Alternative data recognized by five federal agencies, an ID Analytics viewpoint
Earlier this week, five federal financial regulatory agencies issued a joint statement on the use of alternative data in underwriting by banks, credit unions, and non-bank financial firms. These agencies noted several benefits alternative data may provide to consumers, such as expanding access to credit and enabling consumers to obtain additional products and more favorable pricing and terms.
Since 2007, ID Analytics has provided solutions that help our clients leverage alternative data to identify more creditworthy consumers and provide competitive pricing. We asked our Head of Marketing, Kevin King and Chief Compliance Officer, Ken Meiser what stood out for them from the announcement made by the Federal Reserve Board (Federal Reserve), the Consumer Financial Protection Bureau (CFPB), the Federal Deposit Insurance Corporation (FDIC), the Office of the Comptroller of the Currency (OCC), and the National Credit Union Administration (NCUA).
King: The statement by the feds supports the maturity of alternative data solutions and their use for expanding access to credit, something our clients have been doing for years. While it was not news to ID Analytics that these agencies recognized the benefits of using alternative data in credit underwriting, it was extremely notable that they recognize that the use of alternative data may improve the speed and accuracy of credit decisions and help firms evaluate the creditworthiness of consumers who may not otherwise obtain credit via the mainstream credit system.
I would add that it is essential to differentiate between the types of alternative credit data on the market. When ID Analytics talks about alternative data, our definition is credit seeking and payment behaviors sourced from industries that are not typically included in traditional credit reports, such as telecommunication providers, subprime lenders, checking accounts, and online lenders. I would differentiate alternative credit data from experimental data, such as social media data that looks at a person’s network of connections and activities online and attempts to assess consumer creditworthiness through something other than the individual’s history of managing credit responsibilities.
Meiser: To add to Kevin’s comment, the type of alternative data that ID Analytics employs is analogous to other types of reporting, such as through the nationwide consumer reporting agencies (NCRAs). However, it takes into consideration the various ways that consumers build their financial lives today. Additionally, I want to emphasize the importance of taking disparate impact and fair lending into consideration with the use of alternative data. It is critical to have a provider, like ID Analytics and its subsidiary consumer reporting agency Sagestream, LLC, who creates effective models with the governance processes to support the regulatory obligations and the quantified impact on thin-file and no-hit consumers as well as enhanced understanding of the behaviors associated with thick-file consumers.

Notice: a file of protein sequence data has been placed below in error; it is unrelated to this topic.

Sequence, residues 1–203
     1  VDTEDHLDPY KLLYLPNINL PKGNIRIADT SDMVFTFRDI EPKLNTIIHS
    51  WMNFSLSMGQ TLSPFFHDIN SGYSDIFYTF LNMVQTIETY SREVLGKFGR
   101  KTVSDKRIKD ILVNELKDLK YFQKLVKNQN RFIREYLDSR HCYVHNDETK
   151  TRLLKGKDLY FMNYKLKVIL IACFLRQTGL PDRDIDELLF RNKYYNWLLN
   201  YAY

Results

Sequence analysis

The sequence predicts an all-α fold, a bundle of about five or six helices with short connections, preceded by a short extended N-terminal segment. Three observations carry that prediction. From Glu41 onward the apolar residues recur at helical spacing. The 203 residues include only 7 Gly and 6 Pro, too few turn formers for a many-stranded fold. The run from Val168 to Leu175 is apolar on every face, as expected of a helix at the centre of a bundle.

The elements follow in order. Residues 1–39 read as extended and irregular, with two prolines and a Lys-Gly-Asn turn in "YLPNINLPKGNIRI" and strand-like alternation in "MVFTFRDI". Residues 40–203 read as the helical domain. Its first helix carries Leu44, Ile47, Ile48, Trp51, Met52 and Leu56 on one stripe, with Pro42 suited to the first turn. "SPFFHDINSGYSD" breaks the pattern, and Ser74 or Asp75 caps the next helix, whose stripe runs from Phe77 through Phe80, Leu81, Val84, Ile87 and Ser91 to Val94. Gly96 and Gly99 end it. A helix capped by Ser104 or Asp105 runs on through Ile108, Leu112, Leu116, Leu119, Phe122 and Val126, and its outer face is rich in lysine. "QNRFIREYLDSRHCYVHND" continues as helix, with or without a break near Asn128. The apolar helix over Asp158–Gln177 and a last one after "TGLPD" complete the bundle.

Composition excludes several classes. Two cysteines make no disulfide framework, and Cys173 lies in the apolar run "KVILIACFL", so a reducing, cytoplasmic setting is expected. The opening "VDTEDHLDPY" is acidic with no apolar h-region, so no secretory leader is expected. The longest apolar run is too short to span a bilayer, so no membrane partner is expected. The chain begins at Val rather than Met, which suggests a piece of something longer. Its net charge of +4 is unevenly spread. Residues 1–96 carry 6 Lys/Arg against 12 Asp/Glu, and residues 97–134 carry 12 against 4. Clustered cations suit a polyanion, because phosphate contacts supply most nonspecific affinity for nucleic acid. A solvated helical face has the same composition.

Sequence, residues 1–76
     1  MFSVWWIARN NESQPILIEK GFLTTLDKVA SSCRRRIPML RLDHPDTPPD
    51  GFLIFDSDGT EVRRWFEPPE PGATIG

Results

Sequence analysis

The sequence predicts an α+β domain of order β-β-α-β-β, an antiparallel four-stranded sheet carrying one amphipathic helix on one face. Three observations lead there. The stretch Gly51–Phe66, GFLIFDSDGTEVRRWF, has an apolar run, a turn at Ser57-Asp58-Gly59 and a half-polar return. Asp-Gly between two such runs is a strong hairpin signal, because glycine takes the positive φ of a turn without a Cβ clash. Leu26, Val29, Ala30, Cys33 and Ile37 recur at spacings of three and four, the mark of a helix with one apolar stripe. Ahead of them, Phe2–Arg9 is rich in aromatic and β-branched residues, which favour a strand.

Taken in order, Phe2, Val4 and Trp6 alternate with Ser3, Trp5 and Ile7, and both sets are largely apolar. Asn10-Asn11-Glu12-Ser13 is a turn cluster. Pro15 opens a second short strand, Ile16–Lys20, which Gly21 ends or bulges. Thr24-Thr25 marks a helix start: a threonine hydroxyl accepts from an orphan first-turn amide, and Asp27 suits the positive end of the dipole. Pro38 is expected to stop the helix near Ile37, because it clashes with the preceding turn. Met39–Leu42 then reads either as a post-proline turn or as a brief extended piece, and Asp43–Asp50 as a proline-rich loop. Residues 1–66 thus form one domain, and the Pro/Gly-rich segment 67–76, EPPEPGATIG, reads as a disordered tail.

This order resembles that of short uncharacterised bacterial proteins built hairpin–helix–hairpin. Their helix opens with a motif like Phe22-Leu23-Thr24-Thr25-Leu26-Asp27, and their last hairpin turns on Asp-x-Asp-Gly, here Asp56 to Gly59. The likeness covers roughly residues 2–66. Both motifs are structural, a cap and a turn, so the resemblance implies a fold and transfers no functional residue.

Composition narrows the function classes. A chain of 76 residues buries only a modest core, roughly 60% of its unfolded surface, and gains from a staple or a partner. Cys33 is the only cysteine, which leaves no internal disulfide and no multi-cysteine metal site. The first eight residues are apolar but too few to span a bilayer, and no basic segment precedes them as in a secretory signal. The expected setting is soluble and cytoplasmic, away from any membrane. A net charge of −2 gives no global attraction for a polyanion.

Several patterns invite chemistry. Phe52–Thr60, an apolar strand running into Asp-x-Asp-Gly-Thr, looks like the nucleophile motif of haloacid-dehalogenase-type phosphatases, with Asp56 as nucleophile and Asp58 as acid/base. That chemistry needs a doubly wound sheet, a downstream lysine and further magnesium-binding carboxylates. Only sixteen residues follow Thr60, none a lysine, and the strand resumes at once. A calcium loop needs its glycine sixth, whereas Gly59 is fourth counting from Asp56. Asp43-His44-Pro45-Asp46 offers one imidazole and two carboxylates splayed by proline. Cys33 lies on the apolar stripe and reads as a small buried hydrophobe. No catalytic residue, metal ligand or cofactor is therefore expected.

King: To Ken’s point, our data looks at a variety of financial responsibilities consumers have that help them build credit, outside of the data that is typically factored into traditional credit scores. We have conducted several studies that demonstrate how alternative scoring models could increase account activation rates for consumers who are often credit invisible—meaning they may be unable to be scored by a NCRA. For example, we applied alternative credit data to the portfolio of one top-10 U.S. credit card issuer and discovered that 40 percent of the non-booked credit invisible population were credit eligible based on the card issuer’s credit policy. While the ability for alternative data to better assess the credit standing of invisible consumers is well documented, ID Analytics has consistently found that alternative data has an ability to better assess credit visible consumers – individuals who have a credit score. This is really the next frontier of alternative credit data, using a broader understanding of consumer credit behaviors to develop a more predictive risk assessment for individuals across the credit spectrum – from sub-prime to prime.
Meiser: One final note, we published new research this year, Making the credit invisible, visible: A study on the benefits of alternative credit data, in response to CFPB findings that demonstrated gaps in accessibility to credit still remain and that there are specific segments of U.S. consumers who are impacted more heavily. Our research supports the use of alternative credit data for providing access to consumers in a responsible way. We have been working on this for years and have learned how to produce models that incorporate data that is more credible and consistent. The recognition of the benefits of alternative data by these financial regulatory agencies is encouraging for the future of lending.
For more information on the joint statement, read the Interagency Statement on the Use of Alternative Data in Credit Underwriting. Visit our website, to learn more about ID Analytics’ credit risk solutions.